The Mayo Clinic notes that, compared with 20 years ago, twice as many children between the ages of 6 and 11, and three times as many teenagers, are now overweight. According to the National Institutes of Health (NIH) overweight teenagers are 70% more likely to become overweight or obese adults, increasing their risks for life-threatening conditions.
They can suffer from depression and social isolation. For kids, emotional concerns run higher, as they are more apt to be teased and bullied. This can lead to depression, stress, anxiety, problems learning, and changes in behavior.
The cause for obesity and overweight in children is the same as for adults: consuming too many calories and burning too few. Kids who spend more time inside the house watching television, surfing the Internet, and playing video games are at increased risk.
It is important for children to get enough physical activity, not only for weight control, but also for proper development.
What complicates the situation further for children is that they are still growing. Additional calories and nutrients help this process along, so it is important to distinguish what is excessive weight gain and what is normal development.
Doctors use the child and teen body mass index (BMI) to evaluate children's weight and compare the number to statistics for other children at the same stage of development. They also consider family history, other medical problems, and the child's diet and exercise habits before deciding if treatment is necessary.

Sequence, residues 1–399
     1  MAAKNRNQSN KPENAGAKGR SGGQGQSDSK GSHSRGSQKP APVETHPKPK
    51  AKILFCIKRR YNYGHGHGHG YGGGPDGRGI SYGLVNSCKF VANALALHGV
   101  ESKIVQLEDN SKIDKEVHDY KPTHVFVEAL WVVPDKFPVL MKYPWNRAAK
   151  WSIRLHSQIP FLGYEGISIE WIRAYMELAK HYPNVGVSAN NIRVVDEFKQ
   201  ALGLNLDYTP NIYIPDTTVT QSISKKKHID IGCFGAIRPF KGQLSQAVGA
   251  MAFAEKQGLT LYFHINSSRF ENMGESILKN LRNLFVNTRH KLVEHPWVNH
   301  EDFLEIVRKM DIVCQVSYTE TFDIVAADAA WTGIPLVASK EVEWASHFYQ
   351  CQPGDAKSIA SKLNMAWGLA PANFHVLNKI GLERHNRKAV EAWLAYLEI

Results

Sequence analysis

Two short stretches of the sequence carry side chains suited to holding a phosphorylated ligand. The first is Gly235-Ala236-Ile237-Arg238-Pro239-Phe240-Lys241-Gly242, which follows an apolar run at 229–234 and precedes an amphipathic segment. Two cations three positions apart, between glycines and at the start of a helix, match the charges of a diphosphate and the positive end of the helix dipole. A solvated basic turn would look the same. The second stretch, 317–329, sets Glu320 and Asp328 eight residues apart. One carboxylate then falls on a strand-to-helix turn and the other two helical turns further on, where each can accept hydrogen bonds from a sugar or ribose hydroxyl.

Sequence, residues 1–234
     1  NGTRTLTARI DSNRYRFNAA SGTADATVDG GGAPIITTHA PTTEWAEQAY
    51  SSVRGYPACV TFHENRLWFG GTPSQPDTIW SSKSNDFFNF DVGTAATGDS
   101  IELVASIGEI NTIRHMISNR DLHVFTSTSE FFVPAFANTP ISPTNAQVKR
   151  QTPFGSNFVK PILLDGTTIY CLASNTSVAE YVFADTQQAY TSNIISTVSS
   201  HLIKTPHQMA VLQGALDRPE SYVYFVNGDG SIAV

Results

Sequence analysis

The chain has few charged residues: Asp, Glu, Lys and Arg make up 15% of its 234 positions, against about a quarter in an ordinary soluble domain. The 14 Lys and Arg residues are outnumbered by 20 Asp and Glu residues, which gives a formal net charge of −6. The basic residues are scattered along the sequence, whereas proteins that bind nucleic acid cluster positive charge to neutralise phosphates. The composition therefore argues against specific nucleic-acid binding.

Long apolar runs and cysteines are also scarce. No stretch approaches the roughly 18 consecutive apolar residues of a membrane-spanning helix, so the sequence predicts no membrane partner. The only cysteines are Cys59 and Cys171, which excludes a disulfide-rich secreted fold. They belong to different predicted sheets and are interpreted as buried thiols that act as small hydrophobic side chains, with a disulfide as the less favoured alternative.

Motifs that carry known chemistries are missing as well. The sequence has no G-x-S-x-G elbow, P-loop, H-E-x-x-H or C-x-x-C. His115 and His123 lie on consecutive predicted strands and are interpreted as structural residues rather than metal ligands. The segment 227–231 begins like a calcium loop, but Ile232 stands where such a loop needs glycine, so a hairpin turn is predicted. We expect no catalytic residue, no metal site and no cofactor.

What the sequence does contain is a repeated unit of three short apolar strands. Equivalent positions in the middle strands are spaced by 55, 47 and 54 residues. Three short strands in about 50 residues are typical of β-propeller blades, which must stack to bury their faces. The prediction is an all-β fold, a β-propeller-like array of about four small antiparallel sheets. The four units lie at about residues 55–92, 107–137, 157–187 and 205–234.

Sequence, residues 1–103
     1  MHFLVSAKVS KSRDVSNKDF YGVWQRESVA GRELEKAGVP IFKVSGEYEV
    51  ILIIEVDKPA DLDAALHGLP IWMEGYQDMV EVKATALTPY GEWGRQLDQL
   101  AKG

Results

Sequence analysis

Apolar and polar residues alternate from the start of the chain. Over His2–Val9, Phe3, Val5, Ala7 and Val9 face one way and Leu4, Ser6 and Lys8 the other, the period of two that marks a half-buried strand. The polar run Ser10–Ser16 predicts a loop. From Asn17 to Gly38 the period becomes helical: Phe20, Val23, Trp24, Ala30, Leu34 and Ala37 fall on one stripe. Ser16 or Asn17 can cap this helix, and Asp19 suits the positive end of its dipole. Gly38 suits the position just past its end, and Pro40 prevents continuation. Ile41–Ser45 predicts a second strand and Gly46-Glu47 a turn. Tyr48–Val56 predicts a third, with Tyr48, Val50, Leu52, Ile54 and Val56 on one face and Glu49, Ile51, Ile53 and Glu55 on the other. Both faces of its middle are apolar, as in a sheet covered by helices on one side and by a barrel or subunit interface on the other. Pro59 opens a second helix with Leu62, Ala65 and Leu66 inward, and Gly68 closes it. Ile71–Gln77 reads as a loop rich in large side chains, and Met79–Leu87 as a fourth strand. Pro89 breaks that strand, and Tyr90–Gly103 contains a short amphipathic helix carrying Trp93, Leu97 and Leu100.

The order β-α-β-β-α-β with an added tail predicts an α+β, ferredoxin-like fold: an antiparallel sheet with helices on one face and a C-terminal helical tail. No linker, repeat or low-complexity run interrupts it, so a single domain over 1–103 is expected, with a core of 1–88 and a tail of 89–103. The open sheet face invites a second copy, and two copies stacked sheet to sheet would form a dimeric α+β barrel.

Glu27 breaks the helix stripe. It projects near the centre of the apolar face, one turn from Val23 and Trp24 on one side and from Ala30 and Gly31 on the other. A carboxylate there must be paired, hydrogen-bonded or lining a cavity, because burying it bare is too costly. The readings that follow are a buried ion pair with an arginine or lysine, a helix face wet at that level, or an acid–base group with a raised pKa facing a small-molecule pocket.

Proper diet and exercise are key components of a child's weight loss program. Parents can keep nourishing snacks in the house and cook healthy meals to be eaten as a family, not in front of the television.
Parents can also provide opportunities for their children to be physically active, whether that means organized sports, going to the playground, or helping to wash the car.
In most cases, children who are obese or overweight are usually not treated using medications or surgery. Sibutramine (Meridia®) and orlistat (Xenical®) are approved for use in older children, but they are seldom used. Risks and benefits of these medications in children are still being studied. Weight loss surgery is generally not recommended for children because the effects on development are still largely unknown.